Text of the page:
Words by Sean Moeller, Illustration by Johnnie Cluney, Sound Engineering by Patrick Stolley
This letter - proudly open for all to see - was going to start and end with three dozen exclamations of, "DON'T DO IT!! Don't Do It! don't do it…don't…do it…" It was going to start with fierce anger and all capital letters and gradually mellow into a slow absorption of the reality and a conclusion that little said here can change what you went through that led to you breaking up two weeks ago, blindsiding all of us.
These days of mourning were never supposed to bear down on us. These April showers that have been flooding basements and inducing sluggishness in the blue, white and no-collared workers all over this great nation of ours are not precisely for the forthcoming May flowers boys. No sirs. They say when it thunders, it means that God's bowling, but we'd concur. These days if you hear the invisibility around you bellowing with an impending downpour, it's God throwing a goddamn tantrum, a hissy fit, because The Teeth (you guys) were not just the people's band - four guys to share their sweaty stink, all of the goodies from their fanny packs, their smokes, their beer-clicking cheers, their youth and their riveting songs about stupid ass girls and the boys who still long for them - you were the big man's band. It's no religious connotation, just a flagrant fact that some higher creation put you four men together to comprise the wiliest, most inventive and shakingest live rock and roll band that this green earth has ever had the privilege of claiming. It's a huge statement to make, but anyone who witnessed one or more of your shows on your endless tour will vouch for the undeniable star-powered presence and the punch to the guts that you delivered in a barreling, no-holds-barred fit of entertaining devilishness should you have been running on fumes or should you have been gassed up on cheap ale and slightly less cheap hard liquor. You - Peter, Aaron, Brian and Jonas - brought the black cats, the bottle rockets, the flares, the Roman candles and the fiery fountains every time you plugged in, no matter the crap hole that you were visiting that night. You made me - and it's safe to say that I speak for all of us - want to get drunk and yet, sadly, we never did get drunk together. And now it will never happen, gone as you are inexplicably from our lives for the time being. We'll get to see you "remarried" to other fellas with instruments, under new names, but you can never have a second first time.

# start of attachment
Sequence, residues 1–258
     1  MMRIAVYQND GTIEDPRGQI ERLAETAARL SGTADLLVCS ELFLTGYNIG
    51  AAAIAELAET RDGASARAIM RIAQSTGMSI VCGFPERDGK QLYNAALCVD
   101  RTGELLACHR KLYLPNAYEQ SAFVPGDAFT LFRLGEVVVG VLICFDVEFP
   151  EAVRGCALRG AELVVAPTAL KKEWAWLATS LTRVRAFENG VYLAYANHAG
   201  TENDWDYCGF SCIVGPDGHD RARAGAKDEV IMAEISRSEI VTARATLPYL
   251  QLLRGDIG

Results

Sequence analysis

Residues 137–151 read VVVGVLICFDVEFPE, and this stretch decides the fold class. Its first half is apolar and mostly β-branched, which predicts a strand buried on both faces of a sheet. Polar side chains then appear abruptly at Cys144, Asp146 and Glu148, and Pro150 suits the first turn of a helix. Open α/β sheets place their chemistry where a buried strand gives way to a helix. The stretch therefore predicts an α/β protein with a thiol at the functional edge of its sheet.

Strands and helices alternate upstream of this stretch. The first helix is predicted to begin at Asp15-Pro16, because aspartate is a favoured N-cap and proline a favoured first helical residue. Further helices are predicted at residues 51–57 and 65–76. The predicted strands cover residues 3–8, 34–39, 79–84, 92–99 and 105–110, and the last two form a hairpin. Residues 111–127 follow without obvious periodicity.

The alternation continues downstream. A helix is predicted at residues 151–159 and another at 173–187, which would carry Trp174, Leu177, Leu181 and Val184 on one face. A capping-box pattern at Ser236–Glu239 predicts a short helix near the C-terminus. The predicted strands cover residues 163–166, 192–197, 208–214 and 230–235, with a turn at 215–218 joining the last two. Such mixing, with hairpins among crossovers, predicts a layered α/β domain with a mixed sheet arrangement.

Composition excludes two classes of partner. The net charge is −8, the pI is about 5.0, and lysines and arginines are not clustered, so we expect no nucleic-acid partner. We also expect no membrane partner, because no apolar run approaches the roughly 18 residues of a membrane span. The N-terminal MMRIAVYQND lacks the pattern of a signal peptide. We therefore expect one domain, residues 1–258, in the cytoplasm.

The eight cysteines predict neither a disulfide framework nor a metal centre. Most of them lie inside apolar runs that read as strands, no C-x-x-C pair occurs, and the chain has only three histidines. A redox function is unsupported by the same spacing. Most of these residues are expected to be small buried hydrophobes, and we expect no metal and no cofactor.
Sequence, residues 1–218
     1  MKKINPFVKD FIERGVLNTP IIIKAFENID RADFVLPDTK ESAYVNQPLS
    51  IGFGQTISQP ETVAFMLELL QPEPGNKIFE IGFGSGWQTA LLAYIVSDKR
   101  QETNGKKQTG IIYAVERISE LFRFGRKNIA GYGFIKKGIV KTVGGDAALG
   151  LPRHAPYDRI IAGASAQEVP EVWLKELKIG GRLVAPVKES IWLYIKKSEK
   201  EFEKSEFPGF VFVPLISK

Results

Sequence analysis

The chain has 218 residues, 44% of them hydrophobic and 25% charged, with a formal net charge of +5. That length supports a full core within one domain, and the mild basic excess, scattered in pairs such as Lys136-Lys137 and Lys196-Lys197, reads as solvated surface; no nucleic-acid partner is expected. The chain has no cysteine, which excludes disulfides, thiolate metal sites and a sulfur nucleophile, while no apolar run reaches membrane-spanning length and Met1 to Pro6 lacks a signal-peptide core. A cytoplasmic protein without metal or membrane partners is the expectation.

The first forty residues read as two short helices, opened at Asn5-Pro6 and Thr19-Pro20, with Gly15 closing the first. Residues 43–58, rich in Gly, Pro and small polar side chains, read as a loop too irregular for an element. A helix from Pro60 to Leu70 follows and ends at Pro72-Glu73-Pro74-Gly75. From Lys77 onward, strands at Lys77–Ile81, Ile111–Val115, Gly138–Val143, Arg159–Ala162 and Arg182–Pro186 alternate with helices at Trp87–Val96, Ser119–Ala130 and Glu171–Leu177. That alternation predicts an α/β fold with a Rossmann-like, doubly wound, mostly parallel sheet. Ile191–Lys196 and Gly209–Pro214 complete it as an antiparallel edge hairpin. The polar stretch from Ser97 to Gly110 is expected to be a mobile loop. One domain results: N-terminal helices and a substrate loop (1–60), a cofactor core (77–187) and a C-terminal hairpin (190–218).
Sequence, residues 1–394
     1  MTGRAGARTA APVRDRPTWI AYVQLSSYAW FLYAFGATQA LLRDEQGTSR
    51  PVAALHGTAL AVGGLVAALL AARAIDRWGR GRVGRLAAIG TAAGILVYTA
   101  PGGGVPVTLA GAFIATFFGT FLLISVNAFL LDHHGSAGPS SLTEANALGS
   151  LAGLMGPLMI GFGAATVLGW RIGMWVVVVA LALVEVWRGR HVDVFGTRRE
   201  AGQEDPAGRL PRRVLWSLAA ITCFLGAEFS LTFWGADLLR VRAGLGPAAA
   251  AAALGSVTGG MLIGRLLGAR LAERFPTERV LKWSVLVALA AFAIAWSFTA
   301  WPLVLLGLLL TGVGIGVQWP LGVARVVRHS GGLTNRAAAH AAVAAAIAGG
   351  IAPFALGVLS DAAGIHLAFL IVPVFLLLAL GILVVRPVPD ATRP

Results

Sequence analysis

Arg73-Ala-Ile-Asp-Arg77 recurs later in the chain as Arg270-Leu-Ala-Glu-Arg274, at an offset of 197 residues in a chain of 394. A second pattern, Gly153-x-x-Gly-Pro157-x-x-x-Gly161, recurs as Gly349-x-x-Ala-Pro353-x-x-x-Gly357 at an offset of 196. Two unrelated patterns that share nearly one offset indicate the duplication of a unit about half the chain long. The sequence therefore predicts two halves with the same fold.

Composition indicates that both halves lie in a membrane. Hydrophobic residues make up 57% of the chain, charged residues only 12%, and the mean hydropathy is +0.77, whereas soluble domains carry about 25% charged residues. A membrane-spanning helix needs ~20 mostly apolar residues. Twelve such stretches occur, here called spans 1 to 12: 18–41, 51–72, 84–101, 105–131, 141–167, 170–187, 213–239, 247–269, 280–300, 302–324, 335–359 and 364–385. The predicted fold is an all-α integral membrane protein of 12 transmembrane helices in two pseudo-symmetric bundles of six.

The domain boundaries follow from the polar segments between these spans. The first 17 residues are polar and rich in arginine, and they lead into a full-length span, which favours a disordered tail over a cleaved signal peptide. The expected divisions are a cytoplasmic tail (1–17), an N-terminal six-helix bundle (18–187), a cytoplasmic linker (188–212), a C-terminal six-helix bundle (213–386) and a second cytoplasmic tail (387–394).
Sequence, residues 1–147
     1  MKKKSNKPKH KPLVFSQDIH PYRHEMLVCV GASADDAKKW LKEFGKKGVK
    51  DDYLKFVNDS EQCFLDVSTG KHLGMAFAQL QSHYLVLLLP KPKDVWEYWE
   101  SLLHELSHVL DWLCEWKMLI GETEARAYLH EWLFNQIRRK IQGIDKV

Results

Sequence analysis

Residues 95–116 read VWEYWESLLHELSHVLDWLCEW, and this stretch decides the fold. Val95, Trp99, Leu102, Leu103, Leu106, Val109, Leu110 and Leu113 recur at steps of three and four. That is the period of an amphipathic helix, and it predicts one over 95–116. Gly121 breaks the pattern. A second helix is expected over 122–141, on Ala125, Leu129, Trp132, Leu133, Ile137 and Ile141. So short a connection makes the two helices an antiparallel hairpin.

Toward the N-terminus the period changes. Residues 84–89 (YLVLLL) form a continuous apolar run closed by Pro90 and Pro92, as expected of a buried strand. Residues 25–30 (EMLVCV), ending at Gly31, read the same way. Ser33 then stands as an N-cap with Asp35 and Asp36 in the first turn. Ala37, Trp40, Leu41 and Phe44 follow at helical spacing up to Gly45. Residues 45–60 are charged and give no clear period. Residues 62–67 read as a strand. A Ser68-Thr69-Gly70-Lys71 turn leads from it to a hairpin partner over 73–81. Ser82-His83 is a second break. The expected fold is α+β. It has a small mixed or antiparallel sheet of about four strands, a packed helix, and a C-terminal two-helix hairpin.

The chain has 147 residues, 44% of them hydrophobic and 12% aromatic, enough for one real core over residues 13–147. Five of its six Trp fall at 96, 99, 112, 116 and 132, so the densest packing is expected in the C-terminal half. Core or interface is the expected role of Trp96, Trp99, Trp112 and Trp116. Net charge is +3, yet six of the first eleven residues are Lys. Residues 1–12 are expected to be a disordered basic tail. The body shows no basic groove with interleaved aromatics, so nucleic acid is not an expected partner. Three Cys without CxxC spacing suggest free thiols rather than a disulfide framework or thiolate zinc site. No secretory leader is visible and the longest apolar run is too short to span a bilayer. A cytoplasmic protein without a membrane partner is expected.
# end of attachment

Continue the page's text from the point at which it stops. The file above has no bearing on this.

Peter, you've always impressed us with your mustachios and your daft way with that tuneful ear of yours. Jonas, you were the quiet straight man to the three land mines that were constantly being set off right in front of you following and most often setting the tone for this band that could easily be charged with thinking about pop songs in a more abstract way than the vast majority of its peers. You wrote into existence five-course meals with every song. You gave us salad, soup, surf and turf with fancy spuds and asparagus sprigs, and then two over-sized dishes of dessert, standing behind us and with every other bite, you'd change course with a hairpin turn and make the forkful jump into our lap, almost reaching our mouths. You were always surprising and always action-packed. Aaron, the obscure tales ("So don't worry what the alcoholics said/If it were up to them/We'd all be dead.") that you told about these fictitious (or real) people were as if they were lost scraps of Woody Allen screenplays, Salinger ramblings of phonies or the same kind of Wes Anderson nuggets that invented Chaz's Dalmatian mice. And Brian, the way that you created the greatest conflict for the ears and eyes (only two of each and yet three main events to keep tabs on) as well as keeping that mustache so curled with grit on its two ends was always a treat. When you played at Big Orange in Austin not even a month ago, sampling the Ice Cream Man's wares in the hot sun, Aaron blew up that red balloon mid-song. He tried once and it failed, sizzling to the ground - the knot unsuccessful. He picked it up amid the rest of your stoic faces (all in on the bit) and blew into it again. When he threw it and it slowly descended to the peed upon (long story) gravel ground, we all knew that when it hit the rocks that the song was going to kick back in. We'd go back there right now - to when you were still together, still making music - with that red balloon suspended for all time.
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